While at the office of the commissioner, they also meet Sara Howard, played by Dakota Fanning of Uptown Girls, Coraline, and Twilight fame. Despite Bruhl and Evans’ sometimes stodgy performances, Fanning is an inspiring figure. Although the lines she’s given are a little stiff to deliver – as is the case with almost every character, to be honest – there is certainty in her performance. Sara is Roosevelt’s secretary, she’s confident, headstrong, and proud of her position as the first woman to be working at the police department. As a woman in a man’s world, the episode is abundant with scenes that put her in situations that demonstrate just how inescapable that fact it. If she’s not being harassed by the cops, she’s being shut out of conversations for her own delicacy. Even her relationship with Moore is tinted with a past grievance over his portrayal of her in the society pages. Despite her interest in Lazlo’s work and abilities as a person, the scenes of her eating alone in a plush and luxurious dining room or removing the restrictive corsets around her torso or even simply smoking alone in the house show just how far removed she is in the culture from the men.
Lazlo asks John to approach Sara, who he wants to take the official files of Georgio’s case for him to review since Roosevelt did not agree to. Although she initially declines, she does obtain them and finds John at his usual brothel to give him the files. The interactions between John and Sara all play off of traditional gender roles. Sara is neither surprised nor incensed to find John at the brothel, while John is dramatically concerned for her sensibilities at every turn, as if she should be shielded from it. Sara hands over the files but only on the condition that she will be kept in the loop regarding the case. Triumphant, John returns to Lazlo with said files, only to realize that they are completely unhelpful.
Deciding to conduct an autopsy, Lazlo employs Marcus and Lucious Isaacson, a pair of Jewish brothers who work as detective sergeants for Roosevelt at the coroner’s office. Outsiders themselves amongst the other police, they gladly agree to work with Lazlo in conducting a thorough autopsy of Georgio and Benjamin to find any correlating information that they might be killed by the same person. While Lazlo and John wait for the Isaacsons to reach a result, Lazlo finds a package in his carriage. A human tongue. The chase scene of this episode is one of the few high points of the premiere. It channels the sort of anxiety and tension that should outline this story. The mystery, always within sight but out of our grasp, is what keeps us coming back. In this scene, Lazlo’s desperation to catch the killer is palpable and set against the dreary grey fog of New York City, it’s atmospheric and perfect.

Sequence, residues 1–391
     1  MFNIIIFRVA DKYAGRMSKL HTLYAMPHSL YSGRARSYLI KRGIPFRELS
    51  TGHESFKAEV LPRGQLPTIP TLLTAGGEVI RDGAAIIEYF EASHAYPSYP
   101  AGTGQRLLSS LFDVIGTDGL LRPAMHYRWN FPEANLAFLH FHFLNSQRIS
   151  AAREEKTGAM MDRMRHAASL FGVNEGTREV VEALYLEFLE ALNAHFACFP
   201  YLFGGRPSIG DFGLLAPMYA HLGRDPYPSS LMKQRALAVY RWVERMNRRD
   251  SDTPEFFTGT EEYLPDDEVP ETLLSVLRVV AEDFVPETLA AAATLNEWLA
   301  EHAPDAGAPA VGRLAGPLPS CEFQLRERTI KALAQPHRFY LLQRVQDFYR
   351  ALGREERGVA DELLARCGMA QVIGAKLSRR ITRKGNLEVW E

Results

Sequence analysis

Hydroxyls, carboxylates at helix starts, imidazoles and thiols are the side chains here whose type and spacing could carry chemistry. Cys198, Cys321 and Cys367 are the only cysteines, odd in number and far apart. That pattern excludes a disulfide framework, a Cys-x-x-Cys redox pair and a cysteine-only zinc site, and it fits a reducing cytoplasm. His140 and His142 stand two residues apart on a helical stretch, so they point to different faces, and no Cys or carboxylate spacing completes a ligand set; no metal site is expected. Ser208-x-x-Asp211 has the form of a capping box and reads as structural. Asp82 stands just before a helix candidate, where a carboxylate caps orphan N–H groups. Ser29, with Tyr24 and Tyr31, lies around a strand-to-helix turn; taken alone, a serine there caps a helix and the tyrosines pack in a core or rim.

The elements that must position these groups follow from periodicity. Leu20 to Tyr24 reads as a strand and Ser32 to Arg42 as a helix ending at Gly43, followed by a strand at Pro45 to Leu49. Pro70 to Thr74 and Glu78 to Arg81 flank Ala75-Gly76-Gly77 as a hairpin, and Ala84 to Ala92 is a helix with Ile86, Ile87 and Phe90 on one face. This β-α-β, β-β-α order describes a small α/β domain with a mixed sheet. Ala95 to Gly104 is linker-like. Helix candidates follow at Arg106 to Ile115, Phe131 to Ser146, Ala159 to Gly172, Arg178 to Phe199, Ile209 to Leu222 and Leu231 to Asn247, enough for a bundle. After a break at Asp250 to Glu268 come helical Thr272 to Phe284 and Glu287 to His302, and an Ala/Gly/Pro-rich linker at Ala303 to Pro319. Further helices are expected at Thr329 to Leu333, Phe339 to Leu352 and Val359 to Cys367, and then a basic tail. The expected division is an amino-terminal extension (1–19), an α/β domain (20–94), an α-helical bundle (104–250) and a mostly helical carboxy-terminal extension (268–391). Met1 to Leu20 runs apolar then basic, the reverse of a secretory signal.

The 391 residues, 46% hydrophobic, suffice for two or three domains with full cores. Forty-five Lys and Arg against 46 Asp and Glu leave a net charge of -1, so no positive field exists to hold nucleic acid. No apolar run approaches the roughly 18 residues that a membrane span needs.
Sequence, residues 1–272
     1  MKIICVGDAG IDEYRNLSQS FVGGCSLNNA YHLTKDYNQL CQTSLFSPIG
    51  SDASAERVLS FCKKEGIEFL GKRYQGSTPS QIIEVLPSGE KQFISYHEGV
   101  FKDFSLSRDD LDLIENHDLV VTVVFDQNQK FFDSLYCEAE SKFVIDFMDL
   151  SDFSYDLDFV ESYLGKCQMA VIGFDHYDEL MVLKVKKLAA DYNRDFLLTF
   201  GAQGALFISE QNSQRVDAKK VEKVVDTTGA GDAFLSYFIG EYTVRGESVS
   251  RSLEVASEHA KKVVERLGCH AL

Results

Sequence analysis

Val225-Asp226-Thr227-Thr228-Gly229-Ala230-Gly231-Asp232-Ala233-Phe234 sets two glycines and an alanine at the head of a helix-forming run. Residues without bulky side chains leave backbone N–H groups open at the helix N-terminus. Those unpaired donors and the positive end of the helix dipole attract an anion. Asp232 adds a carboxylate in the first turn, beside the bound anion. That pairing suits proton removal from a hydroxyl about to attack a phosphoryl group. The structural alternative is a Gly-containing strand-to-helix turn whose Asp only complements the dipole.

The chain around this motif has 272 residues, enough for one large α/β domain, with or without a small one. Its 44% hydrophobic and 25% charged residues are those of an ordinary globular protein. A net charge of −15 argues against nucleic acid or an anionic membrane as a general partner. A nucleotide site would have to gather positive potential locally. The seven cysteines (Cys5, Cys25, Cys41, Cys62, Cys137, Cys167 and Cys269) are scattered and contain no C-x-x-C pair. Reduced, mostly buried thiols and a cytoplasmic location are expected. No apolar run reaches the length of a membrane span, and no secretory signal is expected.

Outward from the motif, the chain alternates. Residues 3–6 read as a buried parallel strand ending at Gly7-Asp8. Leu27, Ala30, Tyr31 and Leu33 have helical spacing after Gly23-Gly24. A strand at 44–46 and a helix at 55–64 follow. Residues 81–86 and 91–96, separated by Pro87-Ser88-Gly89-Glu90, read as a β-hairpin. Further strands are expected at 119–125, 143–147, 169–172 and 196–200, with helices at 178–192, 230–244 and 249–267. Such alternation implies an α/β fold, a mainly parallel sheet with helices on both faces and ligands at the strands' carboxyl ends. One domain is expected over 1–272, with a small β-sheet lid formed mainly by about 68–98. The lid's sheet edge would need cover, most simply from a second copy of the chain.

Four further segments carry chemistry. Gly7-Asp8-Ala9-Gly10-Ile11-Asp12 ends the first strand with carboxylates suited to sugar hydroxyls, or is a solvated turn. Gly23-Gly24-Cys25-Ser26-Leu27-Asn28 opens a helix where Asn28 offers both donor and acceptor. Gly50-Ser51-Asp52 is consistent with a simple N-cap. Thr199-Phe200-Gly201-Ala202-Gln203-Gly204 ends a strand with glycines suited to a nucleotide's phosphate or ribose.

The rest of the episode is mostly build up, and although it has its issues, the pacing and tone gain some traction than anything in the episode previously. Lazlo monologues in a revelation that he must become the killer in order to truly understand him. He say, “Only then will I come to truly understand what I am, only then will I recognize that what drives me is not an absence of emotion, no, rather a torrent of feeling, the kind that gives meaning and purpose to my own blackened soul. I must see life as he sees it, feel pain as he feels it, take the same path he takes. Yes, I must follow this where ever it goes, even if it leads me to the darkest pit of hell.” This is a common, if not well-beaten, path that we often see criminal profilers, detectives, and the lawful good tread. It’s nothing new, and while certainly The Alienist shouldn’t be punished or pushed towards sensationalism, it seems mired in topics and genres that have already been seen in pop culture.
Still, I have some hope. The episode, despite playing into every stereotype of the Gilded Age of America, has shining moment that attract. The killer, his brief scenes, are chilling and bring to mind famed serial killers like Albert Fish, a murderer and eater of children. It’s always intriguing to watch as the characters navigate the murky waters of horrific crimes. Time will tell if the series holds up and improves, but for now, The Alienist has yet to impress but we’re holding out before we make our final decision on the series, hoping for some proper pruning and refining as the story progresses.